I hate the word ‘ex-pat’. It has an ugly sound that captures an ugly feeling: a cocoon into which people snuggle and whisper their longings to be “back home”. Unlike my fellow English teachers in Korea, I never use the expression “back home”. I haven’t emigrated and I intend the remain a Canadian but going ‘back home’ - in the full sense of those words - seems less and less likely because being ‘here’ has changed me.
James Wood recently said the same thing in his article ‘On Not Going Home’ in the London Review of Books. Wood is the most interesting book reviewer in the English language. Published in The New Yorker and working at Harvard, he was born in England but lives in the USA. His writing in enjoyably brilliant. Every review shows wide reading but he cushions his erudition with personal memories that help readers locate the ideas in the real world. The LRB article is a wonderful example of this style. Wood works his way through Edward Said, Adorno, W.G.Sebald and Freud in order to explain that he is,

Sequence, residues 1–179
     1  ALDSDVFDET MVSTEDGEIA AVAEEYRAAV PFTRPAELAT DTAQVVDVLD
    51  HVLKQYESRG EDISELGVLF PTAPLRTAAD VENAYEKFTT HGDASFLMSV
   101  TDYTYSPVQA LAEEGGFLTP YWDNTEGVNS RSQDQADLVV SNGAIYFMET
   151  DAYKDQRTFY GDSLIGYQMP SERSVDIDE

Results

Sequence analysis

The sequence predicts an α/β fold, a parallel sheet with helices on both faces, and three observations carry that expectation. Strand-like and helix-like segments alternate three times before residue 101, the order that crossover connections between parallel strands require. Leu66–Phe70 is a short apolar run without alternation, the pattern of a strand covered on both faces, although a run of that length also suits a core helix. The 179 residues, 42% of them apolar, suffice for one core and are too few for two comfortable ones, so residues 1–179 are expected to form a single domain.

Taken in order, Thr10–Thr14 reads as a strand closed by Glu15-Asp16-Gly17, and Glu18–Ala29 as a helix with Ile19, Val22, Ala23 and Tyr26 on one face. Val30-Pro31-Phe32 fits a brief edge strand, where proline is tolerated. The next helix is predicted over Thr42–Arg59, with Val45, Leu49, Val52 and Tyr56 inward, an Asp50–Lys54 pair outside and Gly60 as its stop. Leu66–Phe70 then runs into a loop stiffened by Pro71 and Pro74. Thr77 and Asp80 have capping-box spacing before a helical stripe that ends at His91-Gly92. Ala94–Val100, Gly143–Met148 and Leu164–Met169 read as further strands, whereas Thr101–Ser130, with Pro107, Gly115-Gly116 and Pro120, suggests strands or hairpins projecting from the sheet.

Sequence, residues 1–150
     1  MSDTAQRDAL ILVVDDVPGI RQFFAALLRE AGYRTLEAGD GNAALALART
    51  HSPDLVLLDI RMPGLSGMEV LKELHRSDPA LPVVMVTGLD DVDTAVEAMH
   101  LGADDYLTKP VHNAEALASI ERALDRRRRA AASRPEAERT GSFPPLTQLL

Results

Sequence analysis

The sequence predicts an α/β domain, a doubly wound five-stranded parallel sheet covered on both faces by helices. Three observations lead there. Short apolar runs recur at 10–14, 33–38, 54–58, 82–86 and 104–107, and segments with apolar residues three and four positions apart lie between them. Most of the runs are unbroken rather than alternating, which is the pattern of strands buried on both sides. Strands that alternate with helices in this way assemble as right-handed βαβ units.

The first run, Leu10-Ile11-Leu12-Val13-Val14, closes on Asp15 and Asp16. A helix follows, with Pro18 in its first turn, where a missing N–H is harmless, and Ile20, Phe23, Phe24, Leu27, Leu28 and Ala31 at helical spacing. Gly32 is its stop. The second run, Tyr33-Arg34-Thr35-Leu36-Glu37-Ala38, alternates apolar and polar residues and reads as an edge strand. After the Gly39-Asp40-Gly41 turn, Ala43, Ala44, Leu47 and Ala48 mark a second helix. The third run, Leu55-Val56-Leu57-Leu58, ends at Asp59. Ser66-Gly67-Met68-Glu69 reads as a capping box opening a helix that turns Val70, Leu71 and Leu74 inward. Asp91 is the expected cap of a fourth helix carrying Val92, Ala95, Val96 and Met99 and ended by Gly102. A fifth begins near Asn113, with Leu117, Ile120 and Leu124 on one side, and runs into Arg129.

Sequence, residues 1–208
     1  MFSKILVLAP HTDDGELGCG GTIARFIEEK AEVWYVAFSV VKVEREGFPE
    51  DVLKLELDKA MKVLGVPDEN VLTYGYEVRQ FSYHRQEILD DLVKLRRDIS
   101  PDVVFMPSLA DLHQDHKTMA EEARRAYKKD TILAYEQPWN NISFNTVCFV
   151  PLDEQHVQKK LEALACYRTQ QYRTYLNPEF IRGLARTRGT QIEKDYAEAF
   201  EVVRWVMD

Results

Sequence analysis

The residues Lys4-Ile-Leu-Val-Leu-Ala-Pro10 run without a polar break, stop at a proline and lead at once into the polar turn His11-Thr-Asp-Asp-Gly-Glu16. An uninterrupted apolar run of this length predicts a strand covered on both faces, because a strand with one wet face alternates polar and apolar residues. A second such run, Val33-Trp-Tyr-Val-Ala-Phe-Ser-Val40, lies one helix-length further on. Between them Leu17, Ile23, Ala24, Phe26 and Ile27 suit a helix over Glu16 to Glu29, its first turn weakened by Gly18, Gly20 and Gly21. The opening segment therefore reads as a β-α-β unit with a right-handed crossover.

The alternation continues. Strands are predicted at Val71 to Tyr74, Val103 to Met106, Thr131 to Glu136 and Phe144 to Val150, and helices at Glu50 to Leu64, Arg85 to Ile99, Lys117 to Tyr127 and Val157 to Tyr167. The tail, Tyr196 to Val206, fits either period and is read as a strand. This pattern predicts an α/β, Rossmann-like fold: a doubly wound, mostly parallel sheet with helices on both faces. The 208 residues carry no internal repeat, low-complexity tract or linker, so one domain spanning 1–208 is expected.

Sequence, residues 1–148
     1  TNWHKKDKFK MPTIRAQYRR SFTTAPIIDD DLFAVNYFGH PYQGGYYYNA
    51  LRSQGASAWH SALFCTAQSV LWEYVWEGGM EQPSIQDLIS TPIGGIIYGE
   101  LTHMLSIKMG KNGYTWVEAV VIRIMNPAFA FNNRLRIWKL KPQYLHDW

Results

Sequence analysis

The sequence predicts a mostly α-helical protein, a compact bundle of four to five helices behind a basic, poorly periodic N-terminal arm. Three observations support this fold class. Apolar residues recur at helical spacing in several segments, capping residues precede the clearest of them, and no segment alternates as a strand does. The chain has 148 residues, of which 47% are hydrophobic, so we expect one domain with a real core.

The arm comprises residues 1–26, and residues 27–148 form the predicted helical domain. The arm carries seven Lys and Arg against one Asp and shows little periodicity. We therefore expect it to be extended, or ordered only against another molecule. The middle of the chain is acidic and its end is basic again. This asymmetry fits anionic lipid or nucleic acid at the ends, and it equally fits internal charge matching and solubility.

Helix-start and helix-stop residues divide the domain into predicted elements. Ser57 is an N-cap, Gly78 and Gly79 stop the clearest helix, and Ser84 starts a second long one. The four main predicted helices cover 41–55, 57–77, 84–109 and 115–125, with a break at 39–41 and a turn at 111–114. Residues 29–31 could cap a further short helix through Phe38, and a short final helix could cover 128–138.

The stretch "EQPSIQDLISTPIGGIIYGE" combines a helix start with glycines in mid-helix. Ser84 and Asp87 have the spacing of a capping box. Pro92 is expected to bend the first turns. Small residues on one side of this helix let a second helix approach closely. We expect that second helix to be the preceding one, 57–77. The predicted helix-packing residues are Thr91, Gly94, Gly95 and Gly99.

…no longer able to go home…it is too late to do anything about it now, and too late to know what should have been done. And that may be all right.
Readers might be interested in Wood’s list of best books since 1945:
Photo is of Wood and his wife, the novelist Claire Messud.